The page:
Saturday, January 30, 2016

Co-dependence and Dementia: Revisited

In reply to a post by Kate Swaffer: (opens in a second window.)

Kate, your comment says it all: "A healthy relationship is a partnership, an alliance, not some game with winners and losers, and when the interaction in a relationship becomes a power struggle, due in part to the fact that care partners and others are given all the power over us, and people with dementia are Prescribed Disengagement®, there can be no winners."

Kate, I feel that the problem with Dementia/ Alzheimer's itself is that in the end there are no winners, only people trying to live their lives as well as possible with a disease that even kindly can only be called insidious!

There will always be 1) people trying to help and succeeding, 2) people trying to help but ending up hurting, 3) people trying to hurt and succeeding. With Alzheimer's Caregiving Partners, whether family or professional;  we see self-serving people and altruistic people, giving people and taking people, informed helpers and uninformed helpers, quality of care people and bottom line financial budget people.

Perhaps closer study and research; using comparisons of  how people diagnosed with other life threatening and life ending illnesses are treated and supported by family, friends, professionals, agencies, governments, etc; could help clarify the dementia caregiving partner model and create one which would be more equal to and more appropriate for the nature of supporting people with Dementia/ Alzheimer's!

I believe that contributing factors to this care giving partnership thinking are more complex than the Dementia itself. In healthy, functional relationships, living life can be easier. In unhealthy, dysfunctional relationships, living life can be harder. Either way life itself can be at the same time a "fight" right beside a "dance" and the Dementia complicates it. This is true not only for love relationships but also family and health care organizations and governmental agencies. Functional vs non-functional!

Finally, with Dementia/ Alzheimer's, eventually the person diagnosed will need to have someone make all of the decisions about meeting their wishes, care, treatment. Eventually the person with Dementia/ Alzheimer's will not be able to make known their needs, wishes, discomforts, pains, desires, etc.

Perhaps the best way to deal with this is for the Caregiving team to try to talk about or put into writing, the details of how the Caregiving Partnership Model might look for the person needing such. Attempting to clarify how they want to be dealt with when the time comes that they are no longer able to coherently deal with life's major as well as day to day decisions can solve a lot of decision problems for all members of the Caregiving Team. Often families and/or the people with Dementia are not emotionally able or willing to be open and honest about the disease and their wishes for the future.

Hopefully in time, with more awareness, the "RIGHT" people and ideas and approaches will win out. I think the best way to continue aiming in the right direction is: "NOTHING ABOUT US, WITHOUT US!"


  1. While I try to distance myself from giving advice on dealing with Alzheimer's, I frequently see a post where I think I might shed a little light, or not, by giving examples from my own experience.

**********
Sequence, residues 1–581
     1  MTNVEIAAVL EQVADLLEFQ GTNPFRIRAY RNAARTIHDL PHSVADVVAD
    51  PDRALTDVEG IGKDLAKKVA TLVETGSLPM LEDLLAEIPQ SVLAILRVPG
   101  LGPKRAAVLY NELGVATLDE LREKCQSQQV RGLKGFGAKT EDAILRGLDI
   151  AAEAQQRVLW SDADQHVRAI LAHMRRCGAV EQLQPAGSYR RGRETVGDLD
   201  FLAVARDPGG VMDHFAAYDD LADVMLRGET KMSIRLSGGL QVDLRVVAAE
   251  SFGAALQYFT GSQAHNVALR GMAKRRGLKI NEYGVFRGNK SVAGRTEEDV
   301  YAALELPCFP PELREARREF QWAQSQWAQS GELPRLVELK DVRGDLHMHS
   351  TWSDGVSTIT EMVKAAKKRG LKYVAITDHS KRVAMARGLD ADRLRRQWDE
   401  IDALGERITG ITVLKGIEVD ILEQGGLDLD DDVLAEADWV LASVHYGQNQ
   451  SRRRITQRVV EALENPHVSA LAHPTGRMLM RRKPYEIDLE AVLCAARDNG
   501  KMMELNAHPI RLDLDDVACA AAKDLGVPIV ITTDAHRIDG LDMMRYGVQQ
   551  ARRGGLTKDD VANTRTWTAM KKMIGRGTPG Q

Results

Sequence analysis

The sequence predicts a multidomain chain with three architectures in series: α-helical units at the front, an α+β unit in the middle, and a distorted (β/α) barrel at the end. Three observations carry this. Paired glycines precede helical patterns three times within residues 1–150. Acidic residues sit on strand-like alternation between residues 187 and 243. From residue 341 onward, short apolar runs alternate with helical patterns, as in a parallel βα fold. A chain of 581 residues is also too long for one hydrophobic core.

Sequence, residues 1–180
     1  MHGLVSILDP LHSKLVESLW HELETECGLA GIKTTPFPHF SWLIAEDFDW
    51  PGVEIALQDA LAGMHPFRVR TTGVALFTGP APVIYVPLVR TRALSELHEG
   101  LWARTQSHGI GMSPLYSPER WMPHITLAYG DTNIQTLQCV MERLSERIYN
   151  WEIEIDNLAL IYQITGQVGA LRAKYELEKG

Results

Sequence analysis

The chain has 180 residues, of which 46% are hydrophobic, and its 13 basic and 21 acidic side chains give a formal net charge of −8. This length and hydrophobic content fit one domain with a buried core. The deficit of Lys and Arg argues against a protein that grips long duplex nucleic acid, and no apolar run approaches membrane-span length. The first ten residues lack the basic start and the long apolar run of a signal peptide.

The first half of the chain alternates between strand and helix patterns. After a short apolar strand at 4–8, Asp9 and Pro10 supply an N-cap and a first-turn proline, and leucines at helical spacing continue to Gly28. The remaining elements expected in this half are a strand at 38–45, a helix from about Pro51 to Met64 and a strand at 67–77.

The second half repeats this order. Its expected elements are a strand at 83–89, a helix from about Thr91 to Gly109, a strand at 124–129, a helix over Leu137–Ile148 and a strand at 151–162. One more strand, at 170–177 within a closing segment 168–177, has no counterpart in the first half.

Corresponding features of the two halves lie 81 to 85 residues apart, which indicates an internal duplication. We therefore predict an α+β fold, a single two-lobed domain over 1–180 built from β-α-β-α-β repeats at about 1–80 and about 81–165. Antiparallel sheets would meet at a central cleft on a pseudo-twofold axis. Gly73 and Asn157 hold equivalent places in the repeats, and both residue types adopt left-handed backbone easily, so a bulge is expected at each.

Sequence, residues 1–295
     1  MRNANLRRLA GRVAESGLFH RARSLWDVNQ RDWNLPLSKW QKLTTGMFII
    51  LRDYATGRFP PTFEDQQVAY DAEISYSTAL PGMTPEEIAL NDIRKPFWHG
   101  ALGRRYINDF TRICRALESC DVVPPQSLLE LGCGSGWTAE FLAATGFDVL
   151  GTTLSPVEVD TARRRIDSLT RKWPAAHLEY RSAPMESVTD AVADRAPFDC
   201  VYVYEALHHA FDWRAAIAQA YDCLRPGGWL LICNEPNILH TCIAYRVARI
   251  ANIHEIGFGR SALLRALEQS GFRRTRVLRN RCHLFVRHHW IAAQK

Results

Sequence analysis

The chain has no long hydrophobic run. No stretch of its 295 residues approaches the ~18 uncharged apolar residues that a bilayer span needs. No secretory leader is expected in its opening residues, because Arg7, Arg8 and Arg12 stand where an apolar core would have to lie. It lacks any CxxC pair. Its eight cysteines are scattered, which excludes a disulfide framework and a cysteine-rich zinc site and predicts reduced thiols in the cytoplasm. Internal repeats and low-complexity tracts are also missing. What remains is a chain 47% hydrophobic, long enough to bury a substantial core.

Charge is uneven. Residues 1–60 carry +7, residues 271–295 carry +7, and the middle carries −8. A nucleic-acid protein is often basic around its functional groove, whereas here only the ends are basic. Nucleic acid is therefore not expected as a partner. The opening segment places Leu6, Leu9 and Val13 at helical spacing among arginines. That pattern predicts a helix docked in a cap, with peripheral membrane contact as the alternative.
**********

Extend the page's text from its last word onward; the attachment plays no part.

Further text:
One of the sisters' son was sharply criticized for finding his mother a place at a well-run facility near his home where he could visit daily, because another sister wanted her near herself (60 miles away) where she could visit even though she'd not done much visiting when Sister lived alone almost within walking distance until dementia made it necessary for changes.

    As criticisms grew, other siblings commenced to take his part, assuring him that whatever decisions he made, two of us had his back.

    Another of our siblings' spouse was quite open with him about his disease and discussed with family what she was doing and what she planned to do. One of the things she did was to water his gin when his drinking got out of hand added to dementia. Her plan was this: "When you cannot call my name, I'll find placement for you. Until then if you recognize me, I believe I can take care of you."

    What she didn't anticipate was that one day he would fall and not walk ever again. He could still call her name and looked forward to her daily visits but she could no longer care for him at home. He believed himself to be in a motel --it was a pleasant place-- and did not ask to go home.

    Another thing she'd not reckoned on was that one night as she drove home from visiting him, she had a stroke and an auto accident. After a brief recovery, she was still able to visit in the daytime.

    As an old lady we once knew said of her philandering drunken sot of a husband, "Everybody knows what to do with the devil except them 'as got him." My own little cliche is, "Your best is good enough."

  2. Excellent examples from your own experience. I think they both point to doing the best you can do. Unfortunately dealing with Alzheimer's is done on a person to person basis and people are subject to another disease ... called ... the Human Condition. Like the son getting grief when he made them with love and only had his mom's best interests in mind. Like the woman who watered down the gin and made a promise she was destined not to be able to keep. But her decisions for her husband's placement were done with love and his best interests in mind ... and she did her best to continue visiting him. Ah THE HUMAN CONDITION, Ah THE HUMAN CONDITION!


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